Petition hopes to stop Univ. of Tenn band from performing in presidential inauguration parade

University bands are facing backlash for choosing to perform in the parade

KNOXVILLE (WATE/AP) – A petition was created to stop the University of Tennessee’s “Pride of the Southland Band” from performing at the Inauguration Day Parade for President-elect Donald Trump.

The petition asks UT President Joe DiPietro and Band Director and Associate Professor of Music Donald Ryder to turn down the opportunity. So far more than 800 people have signed the petition.

The petition says.

“As either proud residents of Tennessee or proud University of Tennessee alumni, we are greatly disturbed by the behavior exhibited by Donald Trump both during and after the recent presidential campaign. He has made racist and sexist remarks that should never come out of the mouth of someone in public office…we believe the attendance at the upcoming inauguration of a band representing the state of Tennessee would condone this behavior.”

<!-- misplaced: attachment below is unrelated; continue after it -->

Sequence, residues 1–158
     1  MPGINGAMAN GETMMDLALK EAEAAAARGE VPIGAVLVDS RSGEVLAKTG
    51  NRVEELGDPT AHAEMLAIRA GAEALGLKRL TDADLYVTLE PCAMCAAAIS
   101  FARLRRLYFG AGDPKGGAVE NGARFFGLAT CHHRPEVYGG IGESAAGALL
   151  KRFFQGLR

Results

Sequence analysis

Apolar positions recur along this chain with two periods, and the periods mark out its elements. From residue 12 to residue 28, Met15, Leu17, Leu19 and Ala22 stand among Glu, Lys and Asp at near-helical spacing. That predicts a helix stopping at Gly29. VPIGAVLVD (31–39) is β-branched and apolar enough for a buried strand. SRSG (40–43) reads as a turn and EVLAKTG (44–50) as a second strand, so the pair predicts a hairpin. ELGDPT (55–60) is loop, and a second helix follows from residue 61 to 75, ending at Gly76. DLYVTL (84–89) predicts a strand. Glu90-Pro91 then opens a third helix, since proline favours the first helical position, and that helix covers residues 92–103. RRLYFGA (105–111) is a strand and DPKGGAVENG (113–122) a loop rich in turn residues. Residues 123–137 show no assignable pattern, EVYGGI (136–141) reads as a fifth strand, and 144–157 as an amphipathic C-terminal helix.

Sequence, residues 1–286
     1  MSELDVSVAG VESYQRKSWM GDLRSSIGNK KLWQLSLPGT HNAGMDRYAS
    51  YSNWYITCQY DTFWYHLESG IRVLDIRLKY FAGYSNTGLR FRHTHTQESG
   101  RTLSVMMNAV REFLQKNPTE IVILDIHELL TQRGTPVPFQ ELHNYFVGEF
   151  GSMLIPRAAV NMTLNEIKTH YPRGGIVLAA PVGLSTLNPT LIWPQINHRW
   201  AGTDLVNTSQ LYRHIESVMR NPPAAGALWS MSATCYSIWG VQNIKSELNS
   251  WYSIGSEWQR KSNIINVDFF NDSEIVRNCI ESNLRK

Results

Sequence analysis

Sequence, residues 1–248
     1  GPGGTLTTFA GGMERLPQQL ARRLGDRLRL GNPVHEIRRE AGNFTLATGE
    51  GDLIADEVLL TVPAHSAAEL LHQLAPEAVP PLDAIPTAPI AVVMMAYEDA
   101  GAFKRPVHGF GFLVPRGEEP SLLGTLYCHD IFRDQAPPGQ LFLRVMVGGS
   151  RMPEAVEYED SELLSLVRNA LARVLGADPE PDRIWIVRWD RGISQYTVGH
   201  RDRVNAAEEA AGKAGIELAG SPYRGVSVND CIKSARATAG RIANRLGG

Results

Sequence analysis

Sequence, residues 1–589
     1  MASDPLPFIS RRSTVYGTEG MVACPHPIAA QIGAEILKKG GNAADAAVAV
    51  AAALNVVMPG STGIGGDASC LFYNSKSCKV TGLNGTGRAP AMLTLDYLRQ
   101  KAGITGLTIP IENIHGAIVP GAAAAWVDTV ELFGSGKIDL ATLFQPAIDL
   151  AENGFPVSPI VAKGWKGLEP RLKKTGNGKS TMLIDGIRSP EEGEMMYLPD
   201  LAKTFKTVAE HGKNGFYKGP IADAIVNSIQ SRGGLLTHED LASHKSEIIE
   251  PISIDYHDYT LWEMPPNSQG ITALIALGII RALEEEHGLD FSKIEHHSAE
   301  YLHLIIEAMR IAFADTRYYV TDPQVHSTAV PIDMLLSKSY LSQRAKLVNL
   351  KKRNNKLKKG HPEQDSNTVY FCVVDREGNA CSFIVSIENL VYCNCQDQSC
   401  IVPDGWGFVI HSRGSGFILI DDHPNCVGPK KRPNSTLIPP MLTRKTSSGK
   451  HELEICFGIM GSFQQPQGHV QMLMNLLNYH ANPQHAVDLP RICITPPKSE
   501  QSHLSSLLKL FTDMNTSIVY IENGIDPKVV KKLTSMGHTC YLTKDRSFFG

The petitioners believe the band’s attendance would hurt the university’s reputation and credibility. The “Pride of the Southland” will be among 8,000 participants from 40 organizations, according to CNN.

The band is not the only university music group facing criticism. Talladega College and Marist College are facing backlash as well. Some alumni of Talladega, a historically black liberal arts college in Alabama, are outraged, according to the Associated Press.

“I don’t want my alma mater to give the appearance of supporting him,” told Shirley Ferrill to the AP. “Ignore, decline or whatever, but please don’t send our band out in our name to do that.”

Marist, a college located in Poughkeepsie, New York, is giving members the option to perform. At least six members of the 100-member band will not be performing. The school told the AP that members will not face repercussions for their decision.

“They don’t want to have anything to do with the inauguration or President Trump and we respect that, and that’s their right,” school spokesman Cannon told the AP.

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